Bob Scally, Kanata 592-1745.

Many nut seeds require a period of cold stratification before they can germinate. For large seeds this usually entails burying them at a depth of two feet and covering with insulating mulch. The effective temperature is between 33°F and 41°F. The effect is cumulative, and if they receive insufficient time the first winter, they will remain dormant until the second or sometimes third year. I have had good results with walnut and butternut by covering them with moist earth in an insulated plywood box in my garage. The seed are then planted out in the spring, with a germination rate of about 15% in the first year, and the remainder in the second year.

Small seeds can be placed in a sealed jar with moist peat moss and stored in the refrigerator. I have had excellent success with Black Cherry seed handled this way.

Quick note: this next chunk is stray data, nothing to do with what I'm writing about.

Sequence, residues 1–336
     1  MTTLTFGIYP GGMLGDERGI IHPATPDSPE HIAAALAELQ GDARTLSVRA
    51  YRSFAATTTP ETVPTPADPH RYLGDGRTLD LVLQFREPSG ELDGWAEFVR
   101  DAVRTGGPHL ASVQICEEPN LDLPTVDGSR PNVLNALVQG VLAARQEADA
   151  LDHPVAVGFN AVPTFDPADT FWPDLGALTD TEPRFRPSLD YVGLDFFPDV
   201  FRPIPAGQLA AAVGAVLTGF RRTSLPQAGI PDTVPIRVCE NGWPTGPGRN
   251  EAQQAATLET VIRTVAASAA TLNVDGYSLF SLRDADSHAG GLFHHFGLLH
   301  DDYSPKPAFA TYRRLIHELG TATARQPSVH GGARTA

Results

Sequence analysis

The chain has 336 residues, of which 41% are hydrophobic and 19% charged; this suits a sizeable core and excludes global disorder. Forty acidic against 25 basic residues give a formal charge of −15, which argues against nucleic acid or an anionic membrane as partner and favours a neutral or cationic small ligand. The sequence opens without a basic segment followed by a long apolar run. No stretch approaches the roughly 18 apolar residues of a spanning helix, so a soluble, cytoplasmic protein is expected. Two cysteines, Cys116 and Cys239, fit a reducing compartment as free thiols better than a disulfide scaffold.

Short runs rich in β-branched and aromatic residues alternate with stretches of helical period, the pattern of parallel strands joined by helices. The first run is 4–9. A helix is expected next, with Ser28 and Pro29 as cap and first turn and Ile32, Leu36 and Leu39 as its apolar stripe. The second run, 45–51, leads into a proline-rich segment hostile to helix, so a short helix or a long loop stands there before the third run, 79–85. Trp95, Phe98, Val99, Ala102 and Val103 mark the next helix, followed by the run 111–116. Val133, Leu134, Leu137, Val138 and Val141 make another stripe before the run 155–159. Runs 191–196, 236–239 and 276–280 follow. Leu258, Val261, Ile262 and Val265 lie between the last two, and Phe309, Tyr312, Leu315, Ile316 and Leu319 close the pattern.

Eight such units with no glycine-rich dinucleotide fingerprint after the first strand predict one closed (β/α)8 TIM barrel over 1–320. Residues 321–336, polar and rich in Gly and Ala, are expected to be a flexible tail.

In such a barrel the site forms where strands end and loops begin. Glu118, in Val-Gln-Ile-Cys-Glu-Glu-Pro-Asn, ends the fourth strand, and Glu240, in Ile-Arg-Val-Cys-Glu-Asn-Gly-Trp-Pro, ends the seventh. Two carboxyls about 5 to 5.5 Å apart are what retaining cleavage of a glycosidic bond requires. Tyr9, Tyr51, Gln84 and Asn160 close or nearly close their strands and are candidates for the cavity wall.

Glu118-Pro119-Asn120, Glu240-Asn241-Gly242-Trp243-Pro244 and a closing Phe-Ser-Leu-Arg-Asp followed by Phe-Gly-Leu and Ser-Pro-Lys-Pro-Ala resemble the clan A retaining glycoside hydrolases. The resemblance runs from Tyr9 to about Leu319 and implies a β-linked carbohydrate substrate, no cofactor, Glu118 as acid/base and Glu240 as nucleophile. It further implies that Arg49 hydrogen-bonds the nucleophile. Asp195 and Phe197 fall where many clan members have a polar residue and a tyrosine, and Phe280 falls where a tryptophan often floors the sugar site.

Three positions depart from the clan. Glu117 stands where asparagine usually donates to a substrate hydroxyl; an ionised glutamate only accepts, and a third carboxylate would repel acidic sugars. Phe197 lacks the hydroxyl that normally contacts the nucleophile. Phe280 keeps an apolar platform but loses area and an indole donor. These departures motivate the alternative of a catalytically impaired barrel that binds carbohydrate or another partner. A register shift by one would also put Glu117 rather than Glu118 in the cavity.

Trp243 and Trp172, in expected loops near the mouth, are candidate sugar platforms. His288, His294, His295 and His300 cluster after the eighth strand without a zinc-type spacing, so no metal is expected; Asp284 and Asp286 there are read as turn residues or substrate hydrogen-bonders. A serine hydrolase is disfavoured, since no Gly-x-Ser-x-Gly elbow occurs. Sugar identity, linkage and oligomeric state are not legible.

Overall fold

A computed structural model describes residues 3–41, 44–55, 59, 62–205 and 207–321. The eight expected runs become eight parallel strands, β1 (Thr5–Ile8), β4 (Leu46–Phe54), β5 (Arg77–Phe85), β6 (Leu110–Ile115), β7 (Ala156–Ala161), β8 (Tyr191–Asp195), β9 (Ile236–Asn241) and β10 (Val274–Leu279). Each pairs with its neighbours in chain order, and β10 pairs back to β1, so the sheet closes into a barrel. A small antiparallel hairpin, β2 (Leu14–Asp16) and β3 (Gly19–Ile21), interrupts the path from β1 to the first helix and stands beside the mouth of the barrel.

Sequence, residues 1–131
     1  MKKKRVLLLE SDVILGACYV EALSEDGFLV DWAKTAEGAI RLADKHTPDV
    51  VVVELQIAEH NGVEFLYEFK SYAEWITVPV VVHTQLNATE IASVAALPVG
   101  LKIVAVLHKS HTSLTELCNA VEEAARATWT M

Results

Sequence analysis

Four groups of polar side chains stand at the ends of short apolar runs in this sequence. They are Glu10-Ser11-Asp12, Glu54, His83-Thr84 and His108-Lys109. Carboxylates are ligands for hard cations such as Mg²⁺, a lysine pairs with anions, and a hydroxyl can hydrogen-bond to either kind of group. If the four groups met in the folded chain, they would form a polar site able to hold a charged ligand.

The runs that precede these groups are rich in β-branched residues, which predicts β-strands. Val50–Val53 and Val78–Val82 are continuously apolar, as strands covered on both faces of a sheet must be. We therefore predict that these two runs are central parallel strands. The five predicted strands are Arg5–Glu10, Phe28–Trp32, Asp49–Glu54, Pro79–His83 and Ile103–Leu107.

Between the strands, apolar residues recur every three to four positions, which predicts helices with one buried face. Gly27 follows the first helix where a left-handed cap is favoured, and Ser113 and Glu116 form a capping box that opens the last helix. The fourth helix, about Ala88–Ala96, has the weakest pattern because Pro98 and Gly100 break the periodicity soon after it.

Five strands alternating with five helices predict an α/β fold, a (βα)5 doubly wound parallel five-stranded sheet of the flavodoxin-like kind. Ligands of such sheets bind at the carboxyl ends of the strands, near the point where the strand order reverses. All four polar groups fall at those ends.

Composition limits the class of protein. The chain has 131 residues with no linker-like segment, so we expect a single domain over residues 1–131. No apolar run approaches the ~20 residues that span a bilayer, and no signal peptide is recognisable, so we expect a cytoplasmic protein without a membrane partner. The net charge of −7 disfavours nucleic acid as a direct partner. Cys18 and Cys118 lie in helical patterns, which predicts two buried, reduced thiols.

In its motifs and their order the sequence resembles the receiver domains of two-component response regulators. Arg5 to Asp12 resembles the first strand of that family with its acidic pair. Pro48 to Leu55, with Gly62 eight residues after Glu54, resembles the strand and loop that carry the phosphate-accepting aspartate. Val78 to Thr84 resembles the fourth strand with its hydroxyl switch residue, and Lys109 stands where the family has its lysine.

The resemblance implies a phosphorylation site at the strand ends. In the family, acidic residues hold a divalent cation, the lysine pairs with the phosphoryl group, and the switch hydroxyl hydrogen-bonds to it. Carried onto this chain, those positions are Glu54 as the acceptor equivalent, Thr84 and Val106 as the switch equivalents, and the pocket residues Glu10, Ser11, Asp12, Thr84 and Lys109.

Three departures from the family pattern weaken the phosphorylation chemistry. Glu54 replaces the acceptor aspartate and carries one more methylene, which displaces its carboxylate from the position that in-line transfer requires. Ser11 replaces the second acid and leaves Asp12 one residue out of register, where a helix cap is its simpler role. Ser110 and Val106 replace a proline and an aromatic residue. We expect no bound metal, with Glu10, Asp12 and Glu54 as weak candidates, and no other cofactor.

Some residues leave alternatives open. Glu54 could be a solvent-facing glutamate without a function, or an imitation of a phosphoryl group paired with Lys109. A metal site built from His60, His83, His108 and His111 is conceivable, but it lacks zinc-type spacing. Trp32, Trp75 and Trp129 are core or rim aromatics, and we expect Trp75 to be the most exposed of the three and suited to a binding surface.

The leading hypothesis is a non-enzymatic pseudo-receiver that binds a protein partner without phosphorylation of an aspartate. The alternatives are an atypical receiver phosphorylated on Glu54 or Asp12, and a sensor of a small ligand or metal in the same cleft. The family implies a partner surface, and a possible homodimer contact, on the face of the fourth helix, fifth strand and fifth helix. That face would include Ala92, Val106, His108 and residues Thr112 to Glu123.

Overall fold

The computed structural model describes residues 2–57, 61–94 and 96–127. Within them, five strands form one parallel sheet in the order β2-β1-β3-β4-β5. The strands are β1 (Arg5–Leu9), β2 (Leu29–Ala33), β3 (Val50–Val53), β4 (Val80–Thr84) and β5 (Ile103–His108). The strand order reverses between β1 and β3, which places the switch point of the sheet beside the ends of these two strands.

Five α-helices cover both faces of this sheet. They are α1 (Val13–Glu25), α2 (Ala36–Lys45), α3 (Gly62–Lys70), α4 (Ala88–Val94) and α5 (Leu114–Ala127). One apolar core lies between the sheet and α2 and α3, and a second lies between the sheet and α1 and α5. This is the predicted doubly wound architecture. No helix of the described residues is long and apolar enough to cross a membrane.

The stratification time required varies with species. The following guidelines are extracted from Seeds of Woody Plants in the United States: Black Walnut & Butternut, 90-120 days; Black Cherry, 120 days; Shagbark Hickory, 90-150 days. Oaks are best planted out in the fall after they fall. White oak, swamp white oak and English oak require no stratification. Bur oak needs 30-60 days, and red oak 30-45 days, but this is usually attained on the ground over winter.

A Step Forward

Phil Park notes that the July/Aug issue of Engineering Dimensions, the official publication of the Association of Professional Engineers of Ontario, reports that a memorandum of understanding has been signed between the Ministries of Natural Resources and Citizenship & Culture on the protection of the natural habitat in Ontario's Carolinian zone. The article briefly describes this area, noting that it is unique in Canada in having sweet chestnut, paw-paw, honey locust and Kentucky coffee tree as indigenous species. The article is in the Chapter's technical literature collection.

Provided by ECSONG. Feel free to copy with a credit.